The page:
- First time floating voter
I never thought I'd be a floating voter. I've never understood how anyone could be so dithery as to have no idea who to vote for. My family's always been solid Labour, but when I reached voting age my friend Carl, a Tory, suggested that as I got older I'd probably drift right and see the error of my lefty ways. I didn't believe him of course -- I couldn't imagine not being Labour. But back then I couldn't imagine Labour not being Labour.
- Ten days of Tiger
After ten days of use, a few initial thoughts on Tiger, Mac OS X 10.4, and whether it's worth upgrading.
- Acting classes
Last year I began taking a few acting classes, and I've been meaning to write about the experience since. Thinking about a subject for too long makes the potential writing grow over-long and over-stale; there's a lot to be said for writing something short and quick, particularly for those unfortunate enough to be faced with reading it.
First things first: why am I doing acting classes? A few reasons, in vague order of importance...
- Royal Mail spam
The Royal Mail is constantly battling against all those modern private companies who want a slice of its action. In theory I'm all in favour of some kind of monopoly on the universal delivery of post in the UK. Just as it makes sense to me that one company should run a rail network, it seems simplest to have the Royal Mail run the mail. But every time the post(wo)man pops a bunch of junk through our letterbox I want to see the company die a little.
- Europa and Hackensack
I do like some soppy songs, and Fountains of Wayne's Hackensack is one of them. It's not just boy loses girl, but boy loses childhood girlfriend who then becomes famous and successful. Somehow this makes the song even sadder and it reminded me of Thomas Dolby's Europa and the Pirate Twins (and its less good sequel Eastern Bloc):
- Classic travel
I'm hopeless at going on holiday -- I can put it off forever unless there's a reason to go for a specific event. But I liked Paul Theroux's description of why he travels in his article in the Guardian on Saturday, about a trip to the Colombian jungle:
- Lorca: A Dream of Life by Leslie Stanton
I scanned a couple of biographies of Federico Garcia Lorca to look for information about Blood Wedding, and specifically anything that might relate to the part of Bridegroom, which I'm currenly trying to get the hang of. If I had more time I should probably read the whole biography...
- The cast
Before my first acting class began I was apprehensive about my future classmates. I wondered if they'd all be overly-excitable, precious wannabes, desperate to become famous, rather than to develop any skills. I'm not sure where I acquired this image of drama students but, if it's true, maybe it only applies to youngsters at proper drama schools, because most students I've come across in City Lit classes have been ego-free and down-to-earth.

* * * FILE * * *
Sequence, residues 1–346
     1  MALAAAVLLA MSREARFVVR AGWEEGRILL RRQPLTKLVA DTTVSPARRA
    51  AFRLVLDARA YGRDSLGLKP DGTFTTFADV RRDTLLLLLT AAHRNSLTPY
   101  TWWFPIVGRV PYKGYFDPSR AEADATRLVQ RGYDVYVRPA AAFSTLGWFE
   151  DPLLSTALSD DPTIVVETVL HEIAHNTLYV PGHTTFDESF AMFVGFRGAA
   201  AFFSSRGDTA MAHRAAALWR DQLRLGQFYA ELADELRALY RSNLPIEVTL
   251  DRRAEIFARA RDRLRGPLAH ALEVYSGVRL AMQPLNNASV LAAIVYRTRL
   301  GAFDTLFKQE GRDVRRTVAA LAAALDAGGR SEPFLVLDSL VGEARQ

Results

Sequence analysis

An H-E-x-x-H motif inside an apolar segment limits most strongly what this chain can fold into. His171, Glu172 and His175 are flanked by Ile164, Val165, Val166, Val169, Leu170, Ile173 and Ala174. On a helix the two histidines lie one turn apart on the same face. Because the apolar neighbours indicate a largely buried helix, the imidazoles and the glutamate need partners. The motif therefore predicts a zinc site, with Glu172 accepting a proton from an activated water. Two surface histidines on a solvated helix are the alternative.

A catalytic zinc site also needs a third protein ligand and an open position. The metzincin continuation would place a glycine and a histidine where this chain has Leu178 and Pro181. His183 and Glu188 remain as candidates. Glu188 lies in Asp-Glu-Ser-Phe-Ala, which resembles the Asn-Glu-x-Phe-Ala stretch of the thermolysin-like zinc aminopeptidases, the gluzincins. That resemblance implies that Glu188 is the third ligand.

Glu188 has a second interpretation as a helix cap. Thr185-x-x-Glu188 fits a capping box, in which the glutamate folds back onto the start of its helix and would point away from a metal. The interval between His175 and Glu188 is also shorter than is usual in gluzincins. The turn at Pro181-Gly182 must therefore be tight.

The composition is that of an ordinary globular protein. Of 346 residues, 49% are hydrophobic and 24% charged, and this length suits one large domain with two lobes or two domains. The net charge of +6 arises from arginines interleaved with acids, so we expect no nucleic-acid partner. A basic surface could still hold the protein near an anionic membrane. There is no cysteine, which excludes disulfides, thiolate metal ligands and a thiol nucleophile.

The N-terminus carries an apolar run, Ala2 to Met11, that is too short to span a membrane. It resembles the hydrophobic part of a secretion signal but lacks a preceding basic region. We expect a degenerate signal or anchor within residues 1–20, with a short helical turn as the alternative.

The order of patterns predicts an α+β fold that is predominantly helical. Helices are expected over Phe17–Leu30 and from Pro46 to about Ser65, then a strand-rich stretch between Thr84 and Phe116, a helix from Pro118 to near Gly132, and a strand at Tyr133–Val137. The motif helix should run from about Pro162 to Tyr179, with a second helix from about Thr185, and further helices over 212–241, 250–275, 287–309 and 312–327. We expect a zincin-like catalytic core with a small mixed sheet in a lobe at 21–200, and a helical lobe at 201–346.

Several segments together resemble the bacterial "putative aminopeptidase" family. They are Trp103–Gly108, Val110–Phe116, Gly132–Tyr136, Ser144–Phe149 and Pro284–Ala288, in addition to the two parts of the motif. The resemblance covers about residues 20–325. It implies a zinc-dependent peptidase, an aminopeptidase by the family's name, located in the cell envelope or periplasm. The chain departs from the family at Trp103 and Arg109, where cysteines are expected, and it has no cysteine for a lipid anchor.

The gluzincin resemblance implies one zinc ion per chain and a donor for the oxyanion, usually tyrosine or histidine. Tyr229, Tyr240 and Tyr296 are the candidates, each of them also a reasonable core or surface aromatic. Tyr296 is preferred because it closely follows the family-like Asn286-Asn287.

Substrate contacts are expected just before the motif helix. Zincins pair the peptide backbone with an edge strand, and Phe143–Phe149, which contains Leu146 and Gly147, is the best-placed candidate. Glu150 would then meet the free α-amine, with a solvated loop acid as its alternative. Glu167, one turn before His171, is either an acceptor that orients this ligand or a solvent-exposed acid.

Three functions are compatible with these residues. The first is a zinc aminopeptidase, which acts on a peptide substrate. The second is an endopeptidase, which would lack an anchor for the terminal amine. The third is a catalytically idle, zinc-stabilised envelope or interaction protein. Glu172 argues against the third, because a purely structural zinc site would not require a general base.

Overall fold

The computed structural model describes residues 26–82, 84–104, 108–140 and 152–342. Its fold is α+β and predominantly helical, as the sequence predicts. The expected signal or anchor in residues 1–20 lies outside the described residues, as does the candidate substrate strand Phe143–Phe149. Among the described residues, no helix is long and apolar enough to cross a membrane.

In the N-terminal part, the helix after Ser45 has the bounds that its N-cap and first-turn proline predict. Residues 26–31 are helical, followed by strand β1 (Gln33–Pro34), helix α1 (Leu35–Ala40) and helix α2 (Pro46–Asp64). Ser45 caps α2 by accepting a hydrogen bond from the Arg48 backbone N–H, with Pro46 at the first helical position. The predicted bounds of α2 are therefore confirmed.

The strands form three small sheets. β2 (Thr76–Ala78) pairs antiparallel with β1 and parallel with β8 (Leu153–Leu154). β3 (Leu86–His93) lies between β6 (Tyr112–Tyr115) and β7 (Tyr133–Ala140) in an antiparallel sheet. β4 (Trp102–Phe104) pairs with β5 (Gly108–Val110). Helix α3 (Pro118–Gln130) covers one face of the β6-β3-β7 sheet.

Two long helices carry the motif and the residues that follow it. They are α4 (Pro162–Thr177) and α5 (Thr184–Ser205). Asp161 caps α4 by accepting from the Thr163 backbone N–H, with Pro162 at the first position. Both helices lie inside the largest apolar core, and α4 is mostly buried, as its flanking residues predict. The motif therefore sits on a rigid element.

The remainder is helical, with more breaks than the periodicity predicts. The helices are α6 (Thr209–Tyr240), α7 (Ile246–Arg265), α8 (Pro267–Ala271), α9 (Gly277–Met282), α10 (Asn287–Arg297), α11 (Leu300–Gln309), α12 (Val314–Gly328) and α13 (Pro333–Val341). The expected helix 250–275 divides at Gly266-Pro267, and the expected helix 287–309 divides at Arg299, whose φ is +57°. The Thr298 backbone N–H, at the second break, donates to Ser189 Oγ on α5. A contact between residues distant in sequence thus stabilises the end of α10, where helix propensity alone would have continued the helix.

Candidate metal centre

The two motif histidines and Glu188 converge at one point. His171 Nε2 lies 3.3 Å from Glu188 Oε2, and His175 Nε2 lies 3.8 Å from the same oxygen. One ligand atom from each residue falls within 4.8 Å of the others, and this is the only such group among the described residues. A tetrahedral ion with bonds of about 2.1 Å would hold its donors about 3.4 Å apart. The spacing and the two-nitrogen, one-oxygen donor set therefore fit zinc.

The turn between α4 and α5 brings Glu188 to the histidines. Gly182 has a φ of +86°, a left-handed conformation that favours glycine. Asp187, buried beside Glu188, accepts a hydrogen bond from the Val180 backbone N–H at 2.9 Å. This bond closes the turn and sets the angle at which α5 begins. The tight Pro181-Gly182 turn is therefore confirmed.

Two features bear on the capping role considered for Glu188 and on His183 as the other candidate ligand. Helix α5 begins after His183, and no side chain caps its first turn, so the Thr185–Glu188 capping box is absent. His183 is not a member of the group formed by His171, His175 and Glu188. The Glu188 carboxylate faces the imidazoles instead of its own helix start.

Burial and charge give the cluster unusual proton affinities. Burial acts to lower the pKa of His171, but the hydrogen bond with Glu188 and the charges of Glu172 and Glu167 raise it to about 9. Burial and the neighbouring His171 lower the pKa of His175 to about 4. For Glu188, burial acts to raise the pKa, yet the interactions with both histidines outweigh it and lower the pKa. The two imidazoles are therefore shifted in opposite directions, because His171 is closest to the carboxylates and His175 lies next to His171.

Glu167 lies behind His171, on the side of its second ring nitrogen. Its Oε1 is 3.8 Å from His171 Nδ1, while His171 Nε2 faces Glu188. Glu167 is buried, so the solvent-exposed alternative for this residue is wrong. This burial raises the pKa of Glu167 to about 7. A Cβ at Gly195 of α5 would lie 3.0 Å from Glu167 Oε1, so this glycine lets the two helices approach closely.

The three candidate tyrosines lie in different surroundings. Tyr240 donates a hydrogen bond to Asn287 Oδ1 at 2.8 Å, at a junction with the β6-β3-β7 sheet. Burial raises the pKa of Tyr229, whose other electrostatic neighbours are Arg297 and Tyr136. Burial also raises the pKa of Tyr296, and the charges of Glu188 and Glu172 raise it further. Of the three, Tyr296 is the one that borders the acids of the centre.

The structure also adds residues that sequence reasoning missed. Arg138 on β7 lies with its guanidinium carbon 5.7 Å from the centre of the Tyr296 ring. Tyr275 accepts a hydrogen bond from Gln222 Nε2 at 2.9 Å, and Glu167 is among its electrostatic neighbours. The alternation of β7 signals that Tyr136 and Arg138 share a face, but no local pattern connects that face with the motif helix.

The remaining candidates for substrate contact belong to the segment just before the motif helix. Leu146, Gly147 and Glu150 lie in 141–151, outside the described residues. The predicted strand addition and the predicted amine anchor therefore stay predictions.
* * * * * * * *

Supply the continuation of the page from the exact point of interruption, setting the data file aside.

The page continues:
- Introduction to acting
I was looking forward to performing, and the first two or three weeks of the Introduction to Acting class, in autumn 2004, didn't disappoint. Given various criteria our small groups had to come up with short scenes and perform in front of the rest of the class. It was such a thrill to do this, working closely and physically with people on something fun. It felt much more like playing rather than serious acting and, despite their nerves, most people seemed to enjoy it.
- The endless musical relay race
inflictedpassed me the Musical Baton, an endless chain letter of musical blather. But it would be wrong to turn down the opportunity of talking about music I like. Desert Island Discs without the drawback of Sue Lawley.
- ‘An Actor Prepares’ by Constantin Stanislavski
Because I'm usually immersed in web stuff, it's interesting to read a text whose ideas are still relevant to its target profession 70 years on. It was mostly a more enjoyable read than I expected -- it's written as if by a student of acting, reporting on a year of training. It makes clear how much more there can be to acting than just "pretending to be someone else". Unfortunately I kind of lost it around two-thirds of the way through, when he starts talking about transmitting "rays" to each other, and things get a bit hazy and repetitive. Maybe that stuff makes more sense when the preceding chapters have been properly absorbed and used. (Also see my notes on Sanford Meisner on Acting and Uta Hagen's Respect for Acting.)
- Royal Society of Chemistry’s new website
The Royal Society of Chemistry recently re-launched their website with tasty XHTML/CSS templates constructed by me. As with a previous project, Wood Mackenzie, design was by Wilson Fletcher and the turning of the static templates into a functioning website was done in-house.